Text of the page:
In conclusion, a comparison of countries with very different geographical and historical situations demonstrates the weight of legal tradition in the establishment of rules for citizenship. Substantive convergence takes place within preexisting legal frames and occurs only when states are subjected to important contradictions, Historical traditions in the matter of citizenship were in fact modified when disjunctures appeared between the consequences of traditional law and either the interest of the state itself or that of individuals who could legitimately claim a right to become citizens. Despite much academic writing to the contrary, there is no causal link between national identity and nationality laws.Despite traditional aversion to the idea of dual (or plural) nationality, it has become more and more common. No state seems to like the idea very much but most have come to some accommodation with it. There are many good reasons for this: the desire to maintain some hold over one's diaspora, the hope that some will eventually return, the possibility of losing citizens permanently to another nation, the wish to bind immigrants and their children tightly to the state in which they reside, and the sheer impossibility of controlling the creation and application of other state's citizenship laws.
Citizenship Today: a Global Perspective
And, of course, things change: a country of emigration becomes a country of immigration or vice versa, borders settle or are reset, other institutions arise (like the EU) and must be accounted for, and, let's face reality, people today are on the move more than ever. I think Patrick Weil is right, national identity may be one of the least important factors when it comes to making citizenship law.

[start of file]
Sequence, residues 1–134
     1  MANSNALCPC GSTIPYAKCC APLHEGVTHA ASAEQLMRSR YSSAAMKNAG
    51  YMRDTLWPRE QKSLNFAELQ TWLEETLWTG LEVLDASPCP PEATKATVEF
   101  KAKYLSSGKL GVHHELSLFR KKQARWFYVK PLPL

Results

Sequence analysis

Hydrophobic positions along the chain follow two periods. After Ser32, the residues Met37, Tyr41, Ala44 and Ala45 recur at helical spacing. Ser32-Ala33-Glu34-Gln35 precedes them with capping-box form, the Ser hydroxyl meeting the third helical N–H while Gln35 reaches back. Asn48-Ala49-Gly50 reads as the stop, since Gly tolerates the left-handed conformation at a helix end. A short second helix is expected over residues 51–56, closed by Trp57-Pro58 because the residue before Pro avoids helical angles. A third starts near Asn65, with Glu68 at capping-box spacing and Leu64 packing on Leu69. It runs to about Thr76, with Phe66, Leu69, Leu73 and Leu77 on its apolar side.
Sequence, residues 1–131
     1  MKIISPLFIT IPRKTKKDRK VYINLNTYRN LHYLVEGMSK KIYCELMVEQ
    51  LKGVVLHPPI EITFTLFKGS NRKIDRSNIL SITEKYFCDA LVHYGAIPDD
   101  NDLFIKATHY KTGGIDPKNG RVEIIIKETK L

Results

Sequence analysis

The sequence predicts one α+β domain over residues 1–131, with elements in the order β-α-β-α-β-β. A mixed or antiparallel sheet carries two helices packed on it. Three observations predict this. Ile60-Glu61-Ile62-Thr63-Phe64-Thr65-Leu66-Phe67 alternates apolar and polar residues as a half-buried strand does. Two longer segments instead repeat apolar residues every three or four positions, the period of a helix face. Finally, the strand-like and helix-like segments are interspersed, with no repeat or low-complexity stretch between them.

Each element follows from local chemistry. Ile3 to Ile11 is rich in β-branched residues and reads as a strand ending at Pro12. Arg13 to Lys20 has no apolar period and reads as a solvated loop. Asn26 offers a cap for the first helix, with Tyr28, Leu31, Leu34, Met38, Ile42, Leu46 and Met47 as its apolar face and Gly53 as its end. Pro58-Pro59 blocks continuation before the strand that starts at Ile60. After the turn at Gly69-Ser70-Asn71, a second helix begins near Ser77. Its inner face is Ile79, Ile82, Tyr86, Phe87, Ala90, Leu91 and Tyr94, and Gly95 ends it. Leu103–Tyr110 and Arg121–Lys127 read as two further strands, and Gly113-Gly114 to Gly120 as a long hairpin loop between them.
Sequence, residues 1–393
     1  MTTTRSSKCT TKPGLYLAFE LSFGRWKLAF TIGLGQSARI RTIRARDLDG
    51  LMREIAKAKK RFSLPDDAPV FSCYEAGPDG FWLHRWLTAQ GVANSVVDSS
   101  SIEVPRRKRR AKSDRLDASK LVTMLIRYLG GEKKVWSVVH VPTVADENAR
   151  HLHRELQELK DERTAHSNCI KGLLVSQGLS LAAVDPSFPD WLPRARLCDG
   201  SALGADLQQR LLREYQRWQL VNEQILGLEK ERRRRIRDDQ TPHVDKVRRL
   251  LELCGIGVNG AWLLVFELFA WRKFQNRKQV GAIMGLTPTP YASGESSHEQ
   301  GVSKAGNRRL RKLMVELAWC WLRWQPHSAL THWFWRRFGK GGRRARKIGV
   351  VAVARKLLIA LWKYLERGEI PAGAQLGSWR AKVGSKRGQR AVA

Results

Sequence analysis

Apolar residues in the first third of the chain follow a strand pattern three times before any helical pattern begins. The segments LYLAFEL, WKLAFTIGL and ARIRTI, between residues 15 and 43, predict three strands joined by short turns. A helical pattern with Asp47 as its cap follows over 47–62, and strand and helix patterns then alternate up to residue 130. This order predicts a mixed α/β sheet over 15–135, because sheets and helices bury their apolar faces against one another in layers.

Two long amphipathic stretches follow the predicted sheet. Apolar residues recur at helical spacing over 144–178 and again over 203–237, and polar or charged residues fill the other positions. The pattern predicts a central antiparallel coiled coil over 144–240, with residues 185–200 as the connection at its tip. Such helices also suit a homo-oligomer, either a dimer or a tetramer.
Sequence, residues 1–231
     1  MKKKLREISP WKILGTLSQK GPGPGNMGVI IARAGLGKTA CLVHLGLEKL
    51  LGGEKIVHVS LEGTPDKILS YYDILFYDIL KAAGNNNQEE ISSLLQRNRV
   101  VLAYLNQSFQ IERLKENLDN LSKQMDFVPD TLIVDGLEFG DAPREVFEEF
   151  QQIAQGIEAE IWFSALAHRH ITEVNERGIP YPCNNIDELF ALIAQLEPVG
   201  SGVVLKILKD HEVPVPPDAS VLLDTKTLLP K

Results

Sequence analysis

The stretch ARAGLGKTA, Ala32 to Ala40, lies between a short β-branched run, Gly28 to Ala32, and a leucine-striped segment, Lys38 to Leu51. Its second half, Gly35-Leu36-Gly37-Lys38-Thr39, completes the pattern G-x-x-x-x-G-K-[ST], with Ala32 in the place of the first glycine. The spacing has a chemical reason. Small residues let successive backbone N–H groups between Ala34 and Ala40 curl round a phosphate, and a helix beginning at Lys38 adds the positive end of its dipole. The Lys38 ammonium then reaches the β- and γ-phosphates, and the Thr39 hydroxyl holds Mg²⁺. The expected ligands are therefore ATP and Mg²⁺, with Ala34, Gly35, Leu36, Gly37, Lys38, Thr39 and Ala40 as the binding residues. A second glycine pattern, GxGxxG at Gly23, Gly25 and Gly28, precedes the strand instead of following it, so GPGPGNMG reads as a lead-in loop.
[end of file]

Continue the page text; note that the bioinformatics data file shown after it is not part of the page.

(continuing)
However, a few countries have had the reputation of being rather stubborn about dual nationality. Germany and Japan are known to be rather hostile to the idea and what I had seen up to now seemed to confirm that. Then I realized that much of what I have read about German and Japanese citizenship law is fairly dated and so I thought it would be interesting to have a look at what these countries are saying today on the subject. And what I came up with, using information from the their foreign consulate websites, showed a far more nuanced position.....
Germany: Germany has a reputation for very strict application of jus sanguinis citizenship laws and some of the more scathing attacks on plural nationality that I have come across in my reading came from German courts. However, a look at the Canadian German Consulate General website's page on dual nationality reveals something quite different:
While the German rules on citizenship are based on the principle of avoiding dual citizenship,this principle does not apply to children who receive dual citizenship through descent from their parents (e.g. a German mother and a Canadian father). Also, children born in Canada to one or more parent(s) who hold the German citizenship at the time of the birth of the child may be dual citizens by law. From a German legal perspective, children who have held two (or sometimes more) citizenships from the time of their birth for the above described reasons will not have to decide for either of the citizenships when they turn 18.Another German Consulate website (U.S.) confirms this. In addition it appears that any German wishing to acquire another nationality through naturalization can also ask to retain German citizenship. The request is called "Beibehaltungsgenehmigung" and is granted (or not) on an individual basis.